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Symbolism in to Kill a Mockingbird

  • Date Submitted: 09/11/2013 04:41 AM
  • Flesch-Kincaid Score: 55 
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How did Harper Lee use symbolism in her novel?
In her novel, To Kill A Mockingbird, Harper Lee use a range of symbols to present concepts to the reader.   When something represents something else, it is considered a symbol. Sometimes symbolisms lead to hidden and deeper meaning in the novel.   The symbolisms in To Kill A Mockingbird covers much of its themes such as prejudice, discrimination and innocence. Particular /symbols that are being portrays in the novel are the mockingbird which represent innocence; the house fire at Miss Maudie’s house and the snowman which highlights the racism of Maycomb; and the mad dog which symbolize the town’s prejudice in the text.
Harper Lee uses the mockingbird to demonstrate innocence. The mockingbird becomes highly symbolic as we progress through the plot. Throughout the text, any innocent people are hurt or destroyed by evil. Tom Robison and Arthur Radley are both mockingbirds. Tom Robison is a Negro accused of raping a white girl and discriminated against by the people of Maycomb because of his colour. Boo Radley, a recluse who were actually secretly looking out for Jem and Scout, is prejudiced to be a “malevolent phantom” only because he chose to isolates himself from society and does not conforms to Maycomb’s ways. Atticus’ most remarkable words are to his children when he tells them that they may “shoot all the bluejays [they] want” but he reminds them that “it’s a sin to kill a mockingbird”. As Miss Maudie explains to the children mockingbirds are not harmful to anyone and only “make music for [people] to enjoy”. The discrimination of Maycomb toward Tom Robison, and their victimizing of Boo, is equivalent to that of shooting a mockingbird as these men are both innocent.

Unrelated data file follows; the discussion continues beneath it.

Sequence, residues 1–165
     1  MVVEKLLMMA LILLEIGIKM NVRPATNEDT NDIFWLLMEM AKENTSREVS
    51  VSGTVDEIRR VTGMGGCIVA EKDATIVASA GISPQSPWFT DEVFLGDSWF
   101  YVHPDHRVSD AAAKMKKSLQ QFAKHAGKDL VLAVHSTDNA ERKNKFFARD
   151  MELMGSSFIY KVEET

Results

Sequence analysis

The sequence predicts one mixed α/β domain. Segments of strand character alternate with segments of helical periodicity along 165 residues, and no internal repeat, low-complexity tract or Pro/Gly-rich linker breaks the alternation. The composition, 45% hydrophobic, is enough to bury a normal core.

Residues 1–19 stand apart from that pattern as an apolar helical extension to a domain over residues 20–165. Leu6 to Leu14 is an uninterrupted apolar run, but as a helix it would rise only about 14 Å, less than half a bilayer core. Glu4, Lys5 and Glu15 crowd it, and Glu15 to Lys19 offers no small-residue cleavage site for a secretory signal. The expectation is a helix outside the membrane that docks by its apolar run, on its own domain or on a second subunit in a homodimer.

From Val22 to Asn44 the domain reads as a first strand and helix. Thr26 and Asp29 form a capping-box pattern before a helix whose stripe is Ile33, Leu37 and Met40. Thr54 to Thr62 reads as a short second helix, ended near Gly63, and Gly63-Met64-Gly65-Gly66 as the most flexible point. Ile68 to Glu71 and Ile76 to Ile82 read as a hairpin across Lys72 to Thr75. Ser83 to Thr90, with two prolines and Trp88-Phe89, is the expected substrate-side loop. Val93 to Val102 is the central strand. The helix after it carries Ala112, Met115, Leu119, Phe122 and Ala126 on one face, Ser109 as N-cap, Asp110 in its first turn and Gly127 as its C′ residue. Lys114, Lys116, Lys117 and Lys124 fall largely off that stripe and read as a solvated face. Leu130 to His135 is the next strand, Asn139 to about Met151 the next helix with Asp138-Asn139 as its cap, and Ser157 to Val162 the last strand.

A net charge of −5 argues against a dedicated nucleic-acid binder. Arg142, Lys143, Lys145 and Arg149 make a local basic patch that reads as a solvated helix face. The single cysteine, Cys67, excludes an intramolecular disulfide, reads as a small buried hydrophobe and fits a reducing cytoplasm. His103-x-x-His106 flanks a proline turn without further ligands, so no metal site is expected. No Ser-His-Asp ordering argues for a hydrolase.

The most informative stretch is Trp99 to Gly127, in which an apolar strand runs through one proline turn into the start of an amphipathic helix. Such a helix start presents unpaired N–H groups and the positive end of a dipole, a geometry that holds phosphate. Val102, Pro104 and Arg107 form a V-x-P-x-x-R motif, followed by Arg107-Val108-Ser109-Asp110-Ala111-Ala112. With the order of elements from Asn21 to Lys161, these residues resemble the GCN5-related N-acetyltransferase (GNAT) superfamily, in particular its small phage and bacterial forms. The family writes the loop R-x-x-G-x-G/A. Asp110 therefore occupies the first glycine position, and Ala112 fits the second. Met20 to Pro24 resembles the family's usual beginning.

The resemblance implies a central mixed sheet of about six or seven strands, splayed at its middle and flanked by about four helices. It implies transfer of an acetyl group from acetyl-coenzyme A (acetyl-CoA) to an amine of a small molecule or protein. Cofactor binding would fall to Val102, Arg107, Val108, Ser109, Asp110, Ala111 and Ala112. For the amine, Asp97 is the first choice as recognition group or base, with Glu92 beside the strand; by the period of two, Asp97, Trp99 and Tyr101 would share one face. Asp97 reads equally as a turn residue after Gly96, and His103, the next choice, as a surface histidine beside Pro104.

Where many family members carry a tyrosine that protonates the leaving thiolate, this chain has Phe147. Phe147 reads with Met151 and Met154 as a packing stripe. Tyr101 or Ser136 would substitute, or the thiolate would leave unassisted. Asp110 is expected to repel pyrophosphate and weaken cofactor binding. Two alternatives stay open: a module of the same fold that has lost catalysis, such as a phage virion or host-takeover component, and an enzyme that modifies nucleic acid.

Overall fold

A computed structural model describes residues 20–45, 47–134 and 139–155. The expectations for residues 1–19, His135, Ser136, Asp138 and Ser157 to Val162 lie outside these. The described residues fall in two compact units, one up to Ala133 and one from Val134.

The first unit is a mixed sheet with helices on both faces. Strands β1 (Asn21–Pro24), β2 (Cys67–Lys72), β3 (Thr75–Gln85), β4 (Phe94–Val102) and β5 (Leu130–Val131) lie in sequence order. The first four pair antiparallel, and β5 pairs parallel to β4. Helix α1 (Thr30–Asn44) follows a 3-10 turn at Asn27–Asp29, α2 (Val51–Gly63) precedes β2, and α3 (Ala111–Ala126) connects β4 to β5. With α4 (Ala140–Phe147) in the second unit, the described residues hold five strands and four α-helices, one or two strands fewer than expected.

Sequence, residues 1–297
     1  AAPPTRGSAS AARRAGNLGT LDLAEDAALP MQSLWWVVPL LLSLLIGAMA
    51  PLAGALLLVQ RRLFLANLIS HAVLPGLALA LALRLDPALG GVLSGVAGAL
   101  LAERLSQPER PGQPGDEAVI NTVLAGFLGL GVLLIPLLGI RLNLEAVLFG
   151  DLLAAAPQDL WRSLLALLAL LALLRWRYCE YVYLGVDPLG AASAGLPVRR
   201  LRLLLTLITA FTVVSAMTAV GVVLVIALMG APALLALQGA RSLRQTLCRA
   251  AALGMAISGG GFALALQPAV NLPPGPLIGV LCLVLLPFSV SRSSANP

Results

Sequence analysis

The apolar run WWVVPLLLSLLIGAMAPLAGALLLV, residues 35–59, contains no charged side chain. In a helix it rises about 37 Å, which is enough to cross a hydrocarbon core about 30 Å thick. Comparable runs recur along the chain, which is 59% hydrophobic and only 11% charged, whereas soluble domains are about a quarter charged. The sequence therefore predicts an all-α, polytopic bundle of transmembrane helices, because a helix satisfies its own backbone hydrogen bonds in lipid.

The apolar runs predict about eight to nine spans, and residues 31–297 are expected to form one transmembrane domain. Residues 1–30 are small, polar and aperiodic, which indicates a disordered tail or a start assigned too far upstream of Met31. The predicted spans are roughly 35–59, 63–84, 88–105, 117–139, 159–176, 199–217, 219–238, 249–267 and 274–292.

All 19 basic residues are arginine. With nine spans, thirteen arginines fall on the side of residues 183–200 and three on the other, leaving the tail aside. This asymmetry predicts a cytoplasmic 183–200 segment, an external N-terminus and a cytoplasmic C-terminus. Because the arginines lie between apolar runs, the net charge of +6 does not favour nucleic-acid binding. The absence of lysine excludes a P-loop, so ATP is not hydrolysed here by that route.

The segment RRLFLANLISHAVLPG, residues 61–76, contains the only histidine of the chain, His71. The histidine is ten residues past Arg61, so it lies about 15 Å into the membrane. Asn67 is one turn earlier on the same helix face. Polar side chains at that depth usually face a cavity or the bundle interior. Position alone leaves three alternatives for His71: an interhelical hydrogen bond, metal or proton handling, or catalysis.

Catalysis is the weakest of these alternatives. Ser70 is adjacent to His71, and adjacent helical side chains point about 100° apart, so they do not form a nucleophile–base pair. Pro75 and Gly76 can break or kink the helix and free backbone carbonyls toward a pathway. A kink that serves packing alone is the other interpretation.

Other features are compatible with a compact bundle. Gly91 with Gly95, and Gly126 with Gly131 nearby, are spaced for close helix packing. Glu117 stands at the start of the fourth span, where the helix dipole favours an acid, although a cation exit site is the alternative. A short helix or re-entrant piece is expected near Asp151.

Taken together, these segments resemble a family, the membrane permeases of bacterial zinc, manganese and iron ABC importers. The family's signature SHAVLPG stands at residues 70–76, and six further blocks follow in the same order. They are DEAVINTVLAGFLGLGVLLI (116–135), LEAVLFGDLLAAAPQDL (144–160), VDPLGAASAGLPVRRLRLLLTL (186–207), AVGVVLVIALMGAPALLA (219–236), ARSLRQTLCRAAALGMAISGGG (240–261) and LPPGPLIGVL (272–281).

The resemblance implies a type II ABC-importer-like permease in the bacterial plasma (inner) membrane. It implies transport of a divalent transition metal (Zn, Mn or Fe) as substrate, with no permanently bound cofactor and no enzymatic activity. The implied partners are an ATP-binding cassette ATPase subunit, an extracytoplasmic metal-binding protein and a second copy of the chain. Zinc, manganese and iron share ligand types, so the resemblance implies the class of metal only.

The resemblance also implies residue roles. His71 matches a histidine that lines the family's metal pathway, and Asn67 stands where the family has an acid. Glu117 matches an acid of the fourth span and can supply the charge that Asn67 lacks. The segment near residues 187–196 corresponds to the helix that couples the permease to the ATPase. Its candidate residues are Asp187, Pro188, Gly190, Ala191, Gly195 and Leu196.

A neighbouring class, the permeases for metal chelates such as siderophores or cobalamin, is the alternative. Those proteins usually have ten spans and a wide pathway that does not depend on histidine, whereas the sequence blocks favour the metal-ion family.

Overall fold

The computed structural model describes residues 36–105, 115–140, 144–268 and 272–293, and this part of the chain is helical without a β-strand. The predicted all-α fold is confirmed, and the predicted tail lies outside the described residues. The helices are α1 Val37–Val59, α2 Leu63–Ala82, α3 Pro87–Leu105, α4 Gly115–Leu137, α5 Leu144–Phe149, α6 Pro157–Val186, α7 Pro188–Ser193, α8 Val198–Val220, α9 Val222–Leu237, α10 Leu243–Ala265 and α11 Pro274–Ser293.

The house fire that destroyed Miss Maudie’s house represents racism and discrimination. Harper Lee purposely linked this symbolism with the snowman, which symbolize equality, to give us the big picture of Maycomb’s fiery attitude toward the mixing of...


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